• in the face of setbacks, hide mistakes and conceal deficiencies, because they are permanent

  • believe that if you”re not going to look clever, then don’t do it

  • find it difficult to produce divergent thinking and difficult to problem-solve and think creatively

  • develop a record of success rather than developing talent, and believes talent alone motivates success

  • apply all of these beliefs to their people and teams

  • find it hard to see the point of development programs, feedback and coaching

  • see performance as a static trait

  • tend not to learn from errors

  • believe that in business you need to find those people who can perform in the role and then work to hire or retain them

The neuroscience behind Growth Mindset

The growth mindset can be cultivated and developed at any point in life. The human brain is ideally suited for a growth mindset. It is constantly creating and destroying neural pathways, forming the thought and behaviour patterns our brain uses to make decisions, form behaviours, and choose actions that present us to the outside world. The pathways that are used get stronger; those that are under-used grow weak and eventually replaced.

When reviewed through this lens, Dweck’s explanation of fixed vs. growth mindsets makes perfect senseit correlates with hard scientific data. A growth mindset is the belief that we never stop learning and improving. The neuroscience reveals that this mindset appears to actually encourage the growth of new neural pathways, forming new connections that weren’t there yesterday, instead of running over the same pathways over and over again (fixed mindset). Brains that are programmed to operate with this type of thinking tend to learn new information much faster. More importantly, they seem better able to connect one new thought or insight to another, allowing truly transformational ideas to emerge.

A glimpse into people’s minds – literally

Dweck’s research has revealed that in an experiment using brain imaging of people performing a task and making errors, those with a fixed mindset show considerably less brain activity compared to those with a growth mindset, who were actively processing errors to learn from them. The research also found that those with a fixed mindset could be taught to adopt a growth mindset and then the brain activity increased as they began seeking to learn.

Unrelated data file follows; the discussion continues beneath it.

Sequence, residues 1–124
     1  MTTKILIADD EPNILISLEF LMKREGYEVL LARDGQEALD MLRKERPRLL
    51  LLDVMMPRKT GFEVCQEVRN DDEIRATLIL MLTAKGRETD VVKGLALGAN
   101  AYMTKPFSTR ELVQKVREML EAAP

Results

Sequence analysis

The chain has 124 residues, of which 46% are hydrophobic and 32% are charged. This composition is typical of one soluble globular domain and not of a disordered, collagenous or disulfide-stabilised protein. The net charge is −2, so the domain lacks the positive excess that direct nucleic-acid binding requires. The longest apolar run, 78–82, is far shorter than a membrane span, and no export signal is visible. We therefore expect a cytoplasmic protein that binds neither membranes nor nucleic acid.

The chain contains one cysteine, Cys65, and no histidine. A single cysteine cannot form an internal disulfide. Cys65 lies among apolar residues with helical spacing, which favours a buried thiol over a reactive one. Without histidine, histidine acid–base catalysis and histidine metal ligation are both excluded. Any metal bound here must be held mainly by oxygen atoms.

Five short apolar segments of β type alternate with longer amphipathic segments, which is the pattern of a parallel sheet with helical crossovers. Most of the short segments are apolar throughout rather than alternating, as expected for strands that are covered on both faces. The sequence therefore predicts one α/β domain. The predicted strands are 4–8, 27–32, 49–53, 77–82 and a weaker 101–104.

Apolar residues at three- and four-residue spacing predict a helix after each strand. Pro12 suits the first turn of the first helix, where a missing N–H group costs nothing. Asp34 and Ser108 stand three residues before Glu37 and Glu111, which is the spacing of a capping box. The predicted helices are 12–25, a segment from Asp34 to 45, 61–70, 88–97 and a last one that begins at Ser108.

Entire organisations exhibit mindsets too

Many organisations are shifting and leaving behind a culture of a Fixed Mindset mode of operation, and growing and embedding an exciting, inspiring new culture of Growth Mindset. Dweck’s work shows that organisational mindset permeates everything in the business, and has a particular impact on a company’s ability to grow talent and drive performance.

IECL works with many individuals, teams and organisations across a diverse breadth of industry sectors to develop the necessary leadership skills, awareness and traits to ensure success. Learn more about what we do.


Mindset, by Carol S Dweck, Ballantine Books, 2006
Brain-Savvy Leading, by Jan Hills, Lindsay Hanson and Sarah North, Head, Heart and Brain, UK, 2014
Brain-Savvy Business, by Jan Hills, Head, Heart and Brain, UK, 2016
Your Brain at Work, by David Rock, Harper Collins, 2011
Coaching with the Brain in Mind, by David Rock and Linda J Page, John Wiley and Sons, 2009
The Mind and the Brain: Neuroplasticity and the Power of Mental Force, by Jeffrey Schwartz and Sharon Begley, Regan Books, 2002
Train Your Mind, Change Your Brain, by Sharon Begley, Random House, 2007
Thinking Fast and Slow, by Daniel Kahneman, Farrar, Straus and Giroux, 2011
Mindset: Changing the Way you Think to Fulfill Your Potential, Little Brown Group, Carol Dweck, 2012
How Companies Can Profit from a “Growth Mindset”, HBR Nov 2014, https://hbr.org/2014/11/how-companies-can-profit-from-a-growth-mindset